Expert Commentary

Method and Apparatus for Beating the Competition

There are various types of intellectual property rights available to protect product configurations in the marketplace. It is important to remember that product configurations are often protectible, even where utility patent protection is not available, and there is a variety of protection available, with each class of protection having its own strengths and weaknesses.


Intellectual Property
January 2003

The first thing most people think about when they think about a “patent” is a utility patent. A utility patent covers a useful device, process, or manufactured product. An example of such a device is the “user-operated amusement apparatus for kicking the user’s buttocks” covered by United States Letters Patent No. 6,293,874. Another example is the “method of exercising a cat” covered by United States Letters Patent No. 5,443,036. Utility patents such as these protect useful inventions taking the form of apparatuses and methods. After all, who among us doesn’t know of a cat that needs some healthy exercise or a person who really needs a good kick in the buttocks?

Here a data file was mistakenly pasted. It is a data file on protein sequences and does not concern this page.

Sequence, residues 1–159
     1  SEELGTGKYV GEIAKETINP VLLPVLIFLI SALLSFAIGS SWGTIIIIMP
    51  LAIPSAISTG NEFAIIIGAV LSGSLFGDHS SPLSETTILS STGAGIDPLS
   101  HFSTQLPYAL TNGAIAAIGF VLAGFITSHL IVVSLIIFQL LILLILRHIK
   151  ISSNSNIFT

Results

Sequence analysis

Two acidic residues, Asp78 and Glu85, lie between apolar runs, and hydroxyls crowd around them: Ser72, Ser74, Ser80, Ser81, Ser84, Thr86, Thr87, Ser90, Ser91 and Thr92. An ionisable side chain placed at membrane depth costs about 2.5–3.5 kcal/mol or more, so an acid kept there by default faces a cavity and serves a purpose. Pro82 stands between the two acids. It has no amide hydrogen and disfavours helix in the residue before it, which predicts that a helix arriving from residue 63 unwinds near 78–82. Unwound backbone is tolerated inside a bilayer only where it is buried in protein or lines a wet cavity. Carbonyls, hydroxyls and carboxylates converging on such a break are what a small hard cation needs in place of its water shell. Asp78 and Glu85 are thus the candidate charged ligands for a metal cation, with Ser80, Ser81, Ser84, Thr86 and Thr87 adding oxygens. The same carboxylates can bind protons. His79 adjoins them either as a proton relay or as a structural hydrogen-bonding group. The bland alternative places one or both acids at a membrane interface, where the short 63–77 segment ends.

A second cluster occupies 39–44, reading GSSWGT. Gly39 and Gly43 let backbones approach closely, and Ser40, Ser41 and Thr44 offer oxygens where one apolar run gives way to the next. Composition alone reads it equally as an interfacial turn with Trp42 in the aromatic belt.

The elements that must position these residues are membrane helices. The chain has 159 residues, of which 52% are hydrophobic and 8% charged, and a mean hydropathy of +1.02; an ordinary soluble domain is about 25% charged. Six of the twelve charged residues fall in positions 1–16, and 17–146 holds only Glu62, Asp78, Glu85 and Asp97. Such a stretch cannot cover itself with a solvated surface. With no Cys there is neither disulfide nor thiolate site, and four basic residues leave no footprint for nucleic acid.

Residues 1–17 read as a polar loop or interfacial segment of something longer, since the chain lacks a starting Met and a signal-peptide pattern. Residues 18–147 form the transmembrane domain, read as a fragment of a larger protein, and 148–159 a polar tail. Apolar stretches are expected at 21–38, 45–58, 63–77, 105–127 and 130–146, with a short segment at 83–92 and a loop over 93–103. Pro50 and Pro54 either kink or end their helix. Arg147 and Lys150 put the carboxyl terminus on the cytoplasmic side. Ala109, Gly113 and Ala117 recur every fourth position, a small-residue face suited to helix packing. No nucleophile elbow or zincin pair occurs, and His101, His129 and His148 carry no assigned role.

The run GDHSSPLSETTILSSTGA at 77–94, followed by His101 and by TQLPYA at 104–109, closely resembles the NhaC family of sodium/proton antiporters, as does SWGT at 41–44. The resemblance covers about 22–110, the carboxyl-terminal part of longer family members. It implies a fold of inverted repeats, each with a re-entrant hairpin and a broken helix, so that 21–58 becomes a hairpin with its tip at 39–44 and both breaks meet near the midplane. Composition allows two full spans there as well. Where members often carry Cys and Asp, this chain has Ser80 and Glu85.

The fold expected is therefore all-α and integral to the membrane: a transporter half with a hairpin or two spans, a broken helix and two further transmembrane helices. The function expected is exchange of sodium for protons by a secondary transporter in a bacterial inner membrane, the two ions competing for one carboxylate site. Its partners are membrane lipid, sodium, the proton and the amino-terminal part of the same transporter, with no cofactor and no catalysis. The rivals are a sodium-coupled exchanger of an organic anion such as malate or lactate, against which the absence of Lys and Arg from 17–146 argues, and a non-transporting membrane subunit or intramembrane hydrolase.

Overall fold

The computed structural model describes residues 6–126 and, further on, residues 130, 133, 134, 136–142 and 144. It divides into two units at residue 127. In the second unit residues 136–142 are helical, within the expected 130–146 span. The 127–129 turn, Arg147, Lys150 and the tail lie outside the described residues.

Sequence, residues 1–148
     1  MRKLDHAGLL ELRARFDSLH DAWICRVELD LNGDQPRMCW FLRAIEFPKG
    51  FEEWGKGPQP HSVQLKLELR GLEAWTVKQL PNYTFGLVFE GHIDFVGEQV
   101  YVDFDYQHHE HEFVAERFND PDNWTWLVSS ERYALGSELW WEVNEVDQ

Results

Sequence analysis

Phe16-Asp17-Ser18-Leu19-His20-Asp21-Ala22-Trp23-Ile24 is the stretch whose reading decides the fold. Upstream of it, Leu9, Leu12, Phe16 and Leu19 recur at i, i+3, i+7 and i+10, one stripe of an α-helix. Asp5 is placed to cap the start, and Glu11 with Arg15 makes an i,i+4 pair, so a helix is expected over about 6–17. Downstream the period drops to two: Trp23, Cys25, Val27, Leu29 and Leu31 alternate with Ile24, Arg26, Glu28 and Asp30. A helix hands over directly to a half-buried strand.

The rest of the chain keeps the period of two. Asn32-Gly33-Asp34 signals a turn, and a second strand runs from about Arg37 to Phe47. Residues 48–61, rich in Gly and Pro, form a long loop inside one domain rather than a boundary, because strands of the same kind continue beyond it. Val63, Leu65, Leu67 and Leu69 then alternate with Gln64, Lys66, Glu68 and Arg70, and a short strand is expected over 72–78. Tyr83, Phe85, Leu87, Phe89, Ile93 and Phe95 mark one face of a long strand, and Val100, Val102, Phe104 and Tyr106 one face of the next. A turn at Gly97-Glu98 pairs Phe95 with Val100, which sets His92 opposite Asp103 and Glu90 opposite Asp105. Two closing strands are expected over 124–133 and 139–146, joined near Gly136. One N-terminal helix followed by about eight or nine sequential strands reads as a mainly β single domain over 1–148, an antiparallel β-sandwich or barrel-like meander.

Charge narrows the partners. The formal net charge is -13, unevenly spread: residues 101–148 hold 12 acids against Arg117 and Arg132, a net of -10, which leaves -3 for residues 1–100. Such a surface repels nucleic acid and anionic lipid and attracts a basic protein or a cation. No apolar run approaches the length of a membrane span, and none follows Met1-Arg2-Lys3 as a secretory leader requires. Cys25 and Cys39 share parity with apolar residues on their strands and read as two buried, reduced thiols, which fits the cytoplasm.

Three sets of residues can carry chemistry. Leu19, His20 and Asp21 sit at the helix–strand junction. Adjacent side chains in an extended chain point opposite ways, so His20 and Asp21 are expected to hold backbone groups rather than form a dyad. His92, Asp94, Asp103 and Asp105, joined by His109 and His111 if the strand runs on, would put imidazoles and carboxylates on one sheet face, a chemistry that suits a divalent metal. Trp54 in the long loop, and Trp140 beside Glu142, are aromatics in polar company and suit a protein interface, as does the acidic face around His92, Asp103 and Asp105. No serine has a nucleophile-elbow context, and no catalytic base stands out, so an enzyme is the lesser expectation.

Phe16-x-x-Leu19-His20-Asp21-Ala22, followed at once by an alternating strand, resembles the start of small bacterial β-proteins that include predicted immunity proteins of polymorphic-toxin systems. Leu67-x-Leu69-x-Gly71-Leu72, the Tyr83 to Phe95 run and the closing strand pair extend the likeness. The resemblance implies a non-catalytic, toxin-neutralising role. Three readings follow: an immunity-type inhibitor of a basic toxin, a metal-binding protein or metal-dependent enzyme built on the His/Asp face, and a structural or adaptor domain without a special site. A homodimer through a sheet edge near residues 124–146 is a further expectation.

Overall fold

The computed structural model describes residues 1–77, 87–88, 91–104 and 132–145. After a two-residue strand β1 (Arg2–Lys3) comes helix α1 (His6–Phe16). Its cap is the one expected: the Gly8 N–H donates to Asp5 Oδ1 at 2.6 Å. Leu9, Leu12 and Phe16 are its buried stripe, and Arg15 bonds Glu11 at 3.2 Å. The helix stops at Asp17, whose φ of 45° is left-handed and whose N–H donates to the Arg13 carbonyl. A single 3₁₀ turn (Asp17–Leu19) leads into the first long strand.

While patents on useful apparatuses and methods, or utility patents, are the type of patents you are most likely to think of when you hear the word “patent,” they’re by no means the only type of patent available to protect an inventor’s creations. In addition to utility patents, the patent laws of the United States provide for protection for new plants and new ornamental designs. Although plant patents have their value, they are probably not of particular interest to you unless you are in the plant development business. Design patents, on the other hand, are of interest to any manufacturer or business having a product. In this article, I will be discussing certain advantages, as well as certain limitations, of design patents. In addition, I will be discussing the manner in which design patent protection can be combined with utility patent protection, copyright protection, and trade dress protection in order to fully protect the intellectual property embodied in the product.

Utility Patents

As we have discussed before, a utility patent covers a new, nonobvious, and useful invention which fits within the statutory framework of patentable subject matter. Under the patent law, patentable subject matter includes processes, machines, manufactures, and compositions of matter. In the past, the U.S. Patent and Trademark Office performed the role of “gatekeeper” in order to protect the public from “frivolous” and “immoral” inventions, as well as those inventions not clearly falling within one of the four statutory categories, narrowly defined. Today, the U.S. Patent and Trademark Office has largely abandoned that role, instead focusing on the “novelty” and “nonobviousness” requirements. Properly drafted, a utility patent can be a very powerful asset, granting a legally-enforceable monopoly to the inventor. A drawback to the utility patent is that it is in force for only a limited period, up to a maximum of 20 years, after which the invention enters the public domain.

Design Patents